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New Florida Foreclosure Law Speeds Process

Eric Lanigan, a partner with Lanigan and Lanigan, P.L., has been practicing Florida law since 1976. Eric Lanigan and Roddy Lanigan have seen a massive increase in foreclosures since the economy crashed in 2007.

Eric explains the law on the Lanigan&Lanigan YouTube Channel in a video called,

While the foreclosure process in Florida is the lengthiest in the U.S.–nearly three years on average in the courts–a new law is going to be signed by that will greatly shorten the Florida foreclosure process.

The pending signature by the governor on house bill 87 will change the way that homeowners deal with foreclosure. The best plan if you are expecting a foreclosure letter is to make an appointment with an attorney experienced in real estate law.

Winter Park, Florida, real estate and foreclosure attorney Eric Lanigan explains the new foreclosure procedures law which has passed both houses of the Florida Legislature. It’s still subject to the Governor’s signature or veto, but at this point most expect that this law will be signed by the Governor and will go into effect. 

The Order to Show Cause Procedure

There are three primary points about the law that Eric wants to go over briefly. The first is the order to show cause procedure. The order to show cause is a concept that has been around in our law literally for hundreds of years. Where a court will issue an order for one side or the other to come in and show good cause why certain reliefs should not be granted to their opponent.

In this situation, the law has been designed so that if the lender has met certain specific criteria in their filing of the complaint, then they can request that the court issue an order to show cause for the homeowner the borrower to come in and show why the case should not immediately go to judgment in favor of the lender.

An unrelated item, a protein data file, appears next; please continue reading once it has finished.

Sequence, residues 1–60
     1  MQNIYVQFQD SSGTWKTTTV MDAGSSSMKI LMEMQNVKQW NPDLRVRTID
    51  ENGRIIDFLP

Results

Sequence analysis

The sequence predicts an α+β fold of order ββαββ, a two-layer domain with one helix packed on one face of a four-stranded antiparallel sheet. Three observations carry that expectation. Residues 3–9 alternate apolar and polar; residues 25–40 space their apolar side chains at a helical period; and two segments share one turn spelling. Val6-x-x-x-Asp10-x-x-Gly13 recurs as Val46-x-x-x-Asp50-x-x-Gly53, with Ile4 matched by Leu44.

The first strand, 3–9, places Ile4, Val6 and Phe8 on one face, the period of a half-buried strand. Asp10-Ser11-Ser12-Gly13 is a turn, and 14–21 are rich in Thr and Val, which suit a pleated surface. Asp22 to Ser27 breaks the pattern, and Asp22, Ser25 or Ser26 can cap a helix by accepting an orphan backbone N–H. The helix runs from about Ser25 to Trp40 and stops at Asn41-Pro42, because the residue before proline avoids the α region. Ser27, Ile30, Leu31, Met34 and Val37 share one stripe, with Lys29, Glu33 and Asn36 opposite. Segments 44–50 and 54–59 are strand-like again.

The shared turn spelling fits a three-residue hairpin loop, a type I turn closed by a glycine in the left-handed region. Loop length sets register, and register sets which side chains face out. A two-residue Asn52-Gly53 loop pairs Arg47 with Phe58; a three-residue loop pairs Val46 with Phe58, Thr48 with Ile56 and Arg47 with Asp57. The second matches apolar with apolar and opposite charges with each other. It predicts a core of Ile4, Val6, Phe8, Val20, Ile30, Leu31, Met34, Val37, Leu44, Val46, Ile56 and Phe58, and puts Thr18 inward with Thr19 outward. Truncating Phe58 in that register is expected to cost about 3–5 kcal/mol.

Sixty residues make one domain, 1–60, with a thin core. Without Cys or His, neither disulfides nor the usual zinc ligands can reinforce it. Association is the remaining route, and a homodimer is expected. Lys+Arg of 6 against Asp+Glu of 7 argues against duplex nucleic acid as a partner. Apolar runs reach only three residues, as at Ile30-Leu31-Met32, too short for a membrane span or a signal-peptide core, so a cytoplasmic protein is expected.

Overcoming an order to show cause should not be difficult in any case where someone has some valid defenses. So the reality is that it’s not really going to be a big burden in those cases where the individual has defenses to show cause why the case should not go straight to judgment.

One of the interesting things about the order to show cause in this particular law is that it allows any party to seek an order show cause. And there’s been much that’s been written that basically homeowners association’s lobbied to get this provision in there because they wanted to be able to speed up the foreclosure process in those cases where the banks were just dragging their feet and not getting anything done. 

Two Key Points Re Order to Show Cause